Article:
Sean LaFreniere

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Sean's Political Dictionary
So that YOU know what SEAN is talking about when he opens his big mouth:

 

Conservative:

Date: 1831. From Latin conservare, for "to keep", "guard", or "observe". A Conservative relies upon family traditions and figures of authority to establish and maintain values. 

A Conservative puts group security above personal freedoms. 

A Conservative believes that successful use and maintenance of power proves God's favor for the government. 

A Conservative believes that social values, religious rules, and forms of governments may only be altered gradually. 

Stability and continuity are the goals of government.

 

Liberal:

Date: 1820. From Latin liberalis for "free". A Liberal uses reason and logic to set personal, social, and religious values. 

A Liberal places personal freedom above group security. 

A Liberal believes that governments rule by the consent of the governed. 

A liberal believes that governments may be changed or removed at the will of the people.  

A Liberal supports rapid change in the pursuit of progress and reform.

Freedom and Justice are the goals of government.

 

Note: a nation, and an individual, may move back and forth between these positions often. They rarely sum up a personality completely. And they should never be permanent blinders for anyone to view the world.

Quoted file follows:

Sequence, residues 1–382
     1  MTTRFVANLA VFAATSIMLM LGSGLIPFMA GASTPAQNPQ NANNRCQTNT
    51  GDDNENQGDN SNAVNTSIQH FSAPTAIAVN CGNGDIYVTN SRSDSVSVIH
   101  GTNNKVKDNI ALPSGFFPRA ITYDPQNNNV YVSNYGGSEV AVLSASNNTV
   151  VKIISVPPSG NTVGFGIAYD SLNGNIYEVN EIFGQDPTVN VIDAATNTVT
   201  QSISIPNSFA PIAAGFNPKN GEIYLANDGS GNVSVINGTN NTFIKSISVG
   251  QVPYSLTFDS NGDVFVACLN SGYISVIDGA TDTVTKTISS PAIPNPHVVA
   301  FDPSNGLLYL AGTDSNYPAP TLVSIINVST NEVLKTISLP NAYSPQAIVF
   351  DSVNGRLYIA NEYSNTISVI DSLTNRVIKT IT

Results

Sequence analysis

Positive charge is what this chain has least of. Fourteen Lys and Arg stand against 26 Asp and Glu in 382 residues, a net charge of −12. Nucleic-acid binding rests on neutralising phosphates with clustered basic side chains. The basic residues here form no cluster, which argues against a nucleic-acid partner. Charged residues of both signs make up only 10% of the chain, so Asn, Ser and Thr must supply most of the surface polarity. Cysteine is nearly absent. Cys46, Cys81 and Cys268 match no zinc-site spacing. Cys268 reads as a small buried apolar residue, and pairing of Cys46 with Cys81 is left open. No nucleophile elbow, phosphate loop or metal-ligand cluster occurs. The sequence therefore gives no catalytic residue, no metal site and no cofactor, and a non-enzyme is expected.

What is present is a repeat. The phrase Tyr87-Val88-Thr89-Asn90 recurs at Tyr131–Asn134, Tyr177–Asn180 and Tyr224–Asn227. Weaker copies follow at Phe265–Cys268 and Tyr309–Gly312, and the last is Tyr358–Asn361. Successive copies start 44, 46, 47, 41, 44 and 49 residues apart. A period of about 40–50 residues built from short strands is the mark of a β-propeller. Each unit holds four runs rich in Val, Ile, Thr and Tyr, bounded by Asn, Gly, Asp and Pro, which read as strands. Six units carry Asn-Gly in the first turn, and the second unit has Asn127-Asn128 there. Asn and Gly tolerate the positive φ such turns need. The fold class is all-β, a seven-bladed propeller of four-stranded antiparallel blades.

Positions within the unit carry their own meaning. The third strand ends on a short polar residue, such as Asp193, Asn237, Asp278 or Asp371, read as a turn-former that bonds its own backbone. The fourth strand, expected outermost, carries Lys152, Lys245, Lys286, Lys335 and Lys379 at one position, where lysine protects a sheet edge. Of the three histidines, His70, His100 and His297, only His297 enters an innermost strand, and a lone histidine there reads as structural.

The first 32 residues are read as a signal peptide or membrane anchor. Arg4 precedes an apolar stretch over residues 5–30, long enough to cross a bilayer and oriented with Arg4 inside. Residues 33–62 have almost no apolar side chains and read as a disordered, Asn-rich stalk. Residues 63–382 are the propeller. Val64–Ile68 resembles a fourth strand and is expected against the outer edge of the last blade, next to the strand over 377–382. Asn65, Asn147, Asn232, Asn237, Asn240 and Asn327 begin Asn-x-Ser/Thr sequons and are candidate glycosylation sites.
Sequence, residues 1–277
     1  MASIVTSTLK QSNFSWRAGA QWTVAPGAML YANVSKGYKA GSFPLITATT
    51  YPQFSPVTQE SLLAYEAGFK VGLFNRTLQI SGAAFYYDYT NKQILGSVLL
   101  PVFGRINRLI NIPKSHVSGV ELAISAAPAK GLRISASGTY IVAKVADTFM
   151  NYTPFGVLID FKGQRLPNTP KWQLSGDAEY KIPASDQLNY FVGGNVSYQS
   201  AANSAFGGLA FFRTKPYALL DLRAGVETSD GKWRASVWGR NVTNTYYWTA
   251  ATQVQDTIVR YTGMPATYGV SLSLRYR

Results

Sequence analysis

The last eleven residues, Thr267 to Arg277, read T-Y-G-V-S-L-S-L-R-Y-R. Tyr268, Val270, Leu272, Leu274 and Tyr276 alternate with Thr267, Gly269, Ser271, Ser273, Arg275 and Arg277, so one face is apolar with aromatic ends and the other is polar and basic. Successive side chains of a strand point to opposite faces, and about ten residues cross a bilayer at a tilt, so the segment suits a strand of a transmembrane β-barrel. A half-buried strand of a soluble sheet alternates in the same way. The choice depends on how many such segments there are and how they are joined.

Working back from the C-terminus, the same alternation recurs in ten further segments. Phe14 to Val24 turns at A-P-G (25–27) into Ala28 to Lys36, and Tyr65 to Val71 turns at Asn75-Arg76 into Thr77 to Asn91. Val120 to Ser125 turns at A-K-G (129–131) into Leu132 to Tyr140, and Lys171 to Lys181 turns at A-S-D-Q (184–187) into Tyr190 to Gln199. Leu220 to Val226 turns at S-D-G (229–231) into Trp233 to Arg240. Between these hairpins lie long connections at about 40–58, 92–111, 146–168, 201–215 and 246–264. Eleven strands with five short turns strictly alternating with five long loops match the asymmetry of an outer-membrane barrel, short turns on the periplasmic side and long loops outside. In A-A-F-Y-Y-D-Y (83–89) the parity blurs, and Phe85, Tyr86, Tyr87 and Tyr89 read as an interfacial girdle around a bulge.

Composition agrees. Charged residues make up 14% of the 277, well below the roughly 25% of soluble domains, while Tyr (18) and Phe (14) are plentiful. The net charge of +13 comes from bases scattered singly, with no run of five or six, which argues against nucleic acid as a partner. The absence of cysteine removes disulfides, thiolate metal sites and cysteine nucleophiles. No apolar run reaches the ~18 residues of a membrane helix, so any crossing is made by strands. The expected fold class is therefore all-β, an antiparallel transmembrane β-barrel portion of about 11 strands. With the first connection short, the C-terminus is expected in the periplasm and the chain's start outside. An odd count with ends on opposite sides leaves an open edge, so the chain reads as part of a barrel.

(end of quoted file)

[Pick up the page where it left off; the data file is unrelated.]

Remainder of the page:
When a people succeed in a Liberal revolution, for instance, they often find themselves in the Conservative position protecting these gains. Similarly a person might have a Liberal view on public financial assistance and then move into a conservative position once these demands are met.

One might say that Affirmative Action is a prime example. At one point instituting Affirmative Action was a Liberal position, it was needed to reverse decades of discrimination following the end of Slavery. However, today the Liberal position might well be the ending of Affirmative Action, as it has largely completed its task and now stands as a stumbling block to truly moving the nation beyond race as a discriminatory trait. Meanwhile, the position of defending AA is now actually a Conservative stance (whether its so-called "liberal" defenders realize it or not).

Another way to think about this is that these terms describe a way of thinking about issues, not the positions on those issues. That is a Conservative might support a war because politicians they respect urge it, because the enemy scares them, and ultimately because it just "feels right". A Liberal might also come to support the war in spite of the position of authority figures and celebrities, not because it feels right, but because hours of research and consideration support the cause.